Monday, July 27, 2020

To See, Your Eyes Must Move

In order to see anything, your eyes must move around. 

Painting by Magritte
In a classic scientific study back in 1976, John K. Stevens anesthetized test subjects but kept them awake. As they sat awake with their eyes open, but unable to move them, subjects found that the images quickly faded. 

Because they were unable to move their eyes across the visual field,  they couldn't re-stimulate the retina. Without constantly changing levels of stimulation, the neurons ceased delivering signals. 

The test subjects felt a strong impulse to move their eyes, and wanted to move them. It felt to them that moving their eyes would take a huge effort, and they just couldn't do it.

Another surprising result of the study was the sensation that the visual field was displaced in the direction of the anticipated jumping eye movement (or saccade) that they intended to make. 

As author Brian Dilg put it, "They were catching their own brains trying to make sense of an image that did not shift as it normally would when the eyes move."

What generates the impulse for a saccade? Vision specialist Dr. Martin Rolfs says, "When you analyze how many of our saccades are triggered by external events, you'd probably end up with very little. A part of the scene that has high contrast will probably capture your eye movements. But as soon as you have the second or third saccade, the influence of this basic visual information in the scene will become less important. Your own interests and your own task that you have at the moment will be much more influential."

This confirms an important insight for picture-makers. The observer's eye pathway does not follow passively through the composition like a ball on a track. It is driven by the viewer's own conscious and unconscious curiosity, and the artist's job is to awaken that active participation of the viewer.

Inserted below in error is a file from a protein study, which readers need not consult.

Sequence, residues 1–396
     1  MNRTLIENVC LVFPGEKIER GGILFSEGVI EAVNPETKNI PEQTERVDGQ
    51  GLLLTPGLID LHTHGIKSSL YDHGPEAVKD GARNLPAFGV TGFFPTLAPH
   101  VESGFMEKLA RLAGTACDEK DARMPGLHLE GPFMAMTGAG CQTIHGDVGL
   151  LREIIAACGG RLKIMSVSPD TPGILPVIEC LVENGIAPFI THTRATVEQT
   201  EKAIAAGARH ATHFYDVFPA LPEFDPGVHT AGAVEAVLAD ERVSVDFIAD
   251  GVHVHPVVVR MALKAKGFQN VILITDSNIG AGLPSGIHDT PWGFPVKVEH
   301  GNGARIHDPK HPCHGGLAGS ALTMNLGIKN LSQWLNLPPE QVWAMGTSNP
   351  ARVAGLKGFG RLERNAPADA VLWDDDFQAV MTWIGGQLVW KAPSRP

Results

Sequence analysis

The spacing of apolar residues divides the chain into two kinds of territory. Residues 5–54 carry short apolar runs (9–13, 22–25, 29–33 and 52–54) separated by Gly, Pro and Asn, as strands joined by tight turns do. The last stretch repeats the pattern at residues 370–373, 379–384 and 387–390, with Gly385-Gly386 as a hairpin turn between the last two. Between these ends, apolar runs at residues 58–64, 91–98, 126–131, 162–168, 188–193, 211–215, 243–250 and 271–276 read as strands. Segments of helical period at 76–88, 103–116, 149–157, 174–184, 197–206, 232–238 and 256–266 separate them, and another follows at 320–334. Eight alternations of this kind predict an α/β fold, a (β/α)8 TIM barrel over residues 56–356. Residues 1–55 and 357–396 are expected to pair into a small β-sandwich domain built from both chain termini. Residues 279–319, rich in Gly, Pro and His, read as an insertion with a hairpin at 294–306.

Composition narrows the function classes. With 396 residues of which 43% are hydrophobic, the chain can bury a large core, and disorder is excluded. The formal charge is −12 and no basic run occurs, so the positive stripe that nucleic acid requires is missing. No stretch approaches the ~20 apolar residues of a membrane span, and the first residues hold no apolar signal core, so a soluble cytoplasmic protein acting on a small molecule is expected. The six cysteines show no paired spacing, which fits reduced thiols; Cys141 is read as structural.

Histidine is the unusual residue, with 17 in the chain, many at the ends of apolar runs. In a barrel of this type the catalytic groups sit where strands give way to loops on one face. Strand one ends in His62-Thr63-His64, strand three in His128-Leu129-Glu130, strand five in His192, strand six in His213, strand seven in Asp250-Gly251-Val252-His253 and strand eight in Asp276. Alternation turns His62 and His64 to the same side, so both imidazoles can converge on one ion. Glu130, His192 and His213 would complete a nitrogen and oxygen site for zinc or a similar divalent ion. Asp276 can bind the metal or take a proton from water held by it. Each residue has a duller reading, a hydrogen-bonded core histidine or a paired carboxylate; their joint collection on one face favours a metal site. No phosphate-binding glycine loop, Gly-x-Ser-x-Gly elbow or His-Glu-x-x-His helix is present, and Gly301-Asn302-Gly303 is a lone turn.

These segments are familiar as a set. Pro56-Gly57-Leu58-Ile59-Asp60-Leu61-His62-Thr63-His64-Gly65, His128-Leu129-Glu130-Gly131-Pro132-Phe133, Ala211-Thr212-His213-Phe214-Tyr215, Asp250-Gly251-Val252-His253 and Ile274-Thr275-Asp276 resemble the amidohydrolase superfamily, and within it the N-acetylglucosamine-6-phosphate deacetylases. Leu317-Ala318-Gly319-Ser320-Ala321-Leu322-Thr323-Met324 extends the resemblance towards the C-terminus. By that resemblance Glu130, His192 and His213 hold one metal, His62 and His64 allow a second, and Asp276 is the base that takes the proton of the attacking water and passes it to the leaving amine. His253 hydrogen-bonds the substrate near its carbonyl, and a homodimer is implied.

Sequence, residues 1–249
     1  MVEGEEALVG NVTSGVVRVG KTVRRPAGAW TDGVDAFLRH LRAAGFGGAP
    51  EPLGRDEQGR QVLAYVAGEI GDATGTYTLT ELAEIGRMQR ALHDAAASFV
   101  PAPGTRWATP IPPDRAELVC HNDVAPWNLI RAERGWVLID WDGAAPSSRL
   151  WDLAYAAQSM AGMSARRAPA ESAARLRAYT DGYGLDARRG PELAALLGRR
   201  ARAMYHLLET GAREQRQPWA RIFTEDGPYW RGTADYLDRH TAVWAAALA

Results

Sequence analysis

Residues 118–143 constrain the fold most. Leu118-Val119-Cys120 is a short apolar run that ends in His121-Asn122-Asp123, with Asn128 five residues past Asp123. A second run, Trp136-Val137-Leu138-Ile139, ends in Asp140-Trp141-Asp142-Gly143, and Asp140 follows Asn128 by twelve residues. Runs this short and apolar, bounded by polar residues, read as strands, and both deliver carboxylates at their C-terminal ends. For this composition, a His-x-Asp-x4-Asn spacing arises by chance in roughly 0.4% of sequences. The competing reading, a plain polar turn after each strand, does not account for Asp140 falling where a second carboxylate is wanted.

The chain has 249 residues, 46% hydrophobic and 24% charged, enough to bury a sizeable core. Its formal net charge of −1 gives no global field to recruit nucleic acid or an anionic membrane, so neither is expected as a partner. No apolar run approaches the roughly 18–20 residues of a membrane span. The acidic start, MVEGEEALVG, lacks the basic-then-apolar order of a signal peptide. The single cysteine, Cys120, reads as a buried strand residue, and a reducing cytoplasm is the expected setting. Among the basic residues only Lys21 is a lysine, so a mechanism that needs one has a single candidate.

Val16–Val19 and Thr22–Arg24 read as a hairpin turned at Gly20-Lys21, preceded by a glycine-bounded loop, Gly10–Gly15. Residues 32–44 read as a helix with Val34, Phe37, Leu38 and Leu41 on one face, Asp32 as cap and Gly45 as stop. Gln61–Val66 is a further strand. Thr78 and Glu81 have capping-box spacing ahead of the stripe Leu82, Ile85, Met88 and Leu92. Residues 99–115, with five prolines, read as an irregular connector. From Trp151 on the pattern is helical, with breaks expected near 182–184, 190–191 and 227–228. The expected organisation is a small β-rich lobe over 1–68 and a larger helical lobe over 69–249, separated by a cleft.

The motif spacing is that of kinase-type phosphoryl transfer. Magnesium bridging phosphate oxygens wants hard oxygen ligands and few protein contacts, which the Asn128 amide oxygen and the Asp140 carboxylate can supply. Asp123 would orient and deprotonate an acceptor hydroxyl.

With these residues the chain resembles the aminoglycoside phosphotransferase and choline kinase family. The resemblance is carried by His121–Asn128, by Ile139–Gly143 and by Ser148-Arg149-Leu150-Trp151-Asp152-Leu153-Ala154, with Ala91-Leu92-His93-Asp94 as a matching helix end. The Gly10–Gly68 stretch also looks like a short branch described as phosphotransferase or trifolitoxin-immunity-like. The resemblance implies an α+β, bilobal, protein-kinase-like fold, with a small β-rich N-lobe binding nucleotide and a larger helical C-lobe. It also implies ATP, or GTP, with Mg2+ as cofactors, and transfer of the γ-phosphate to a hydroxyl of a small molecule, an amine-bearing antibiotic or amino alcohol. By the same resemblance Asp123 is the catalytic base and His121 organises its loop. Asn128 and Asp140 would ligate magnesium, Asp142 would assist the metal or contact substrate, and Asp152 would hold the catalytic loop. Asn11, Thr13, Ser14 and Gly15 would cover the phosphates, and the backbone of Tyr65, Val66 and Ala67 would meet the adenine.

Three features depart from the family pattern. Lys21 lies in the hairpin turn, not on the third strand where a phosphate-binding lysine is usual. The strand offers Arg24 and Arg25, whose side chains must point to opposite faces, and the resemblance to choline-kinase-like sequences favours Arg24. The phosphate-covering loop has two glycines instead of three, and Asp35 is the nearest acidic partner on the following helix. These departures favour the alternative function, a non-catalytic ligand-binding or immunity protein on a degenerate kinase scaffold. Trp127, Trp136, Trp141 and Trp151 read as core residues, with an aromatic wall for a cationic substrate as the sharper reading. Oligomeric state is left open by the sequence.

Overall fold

More in the book "Why You Like This Photo" by Brian Dilg.  It's a gem of a book, designed for photographers, but full of insights about visual perception that artists can also benefit from.


Unknown said...

Wow! this is fascinating! I used to be a little creeped out when I talked to people who would stare straight into my eyes without blinking. I noticed with a particular friend that even while she stared intently, her pupil will move slightly and rapidly... as if vibrating. I thought that was weird, but now I understand that if her pupil had been completely still she most likely would have zoned out. or stopped seeing me altogether.

I wonder if there's a way to measure the ideal amount of novelty or detail an artwork should have in order to keep the viewer interested and yet not overwhelmed. We develop a sensitivity that works as a sort of intuition to know this (some times), but I'm still curious whether there's a scientific formula that can prove of at least explain why we lose interest faster when we look at certain pictures and why others keep us engaged longer.

Mark Martel said...

Thank you!

Virginia Fhinn said...

Thanks! I also enjoyed your previous posts about eye tracking, and the Golden Ratio myth. All those posts made me rethink compositional "rules" and freed up my compositions in painting.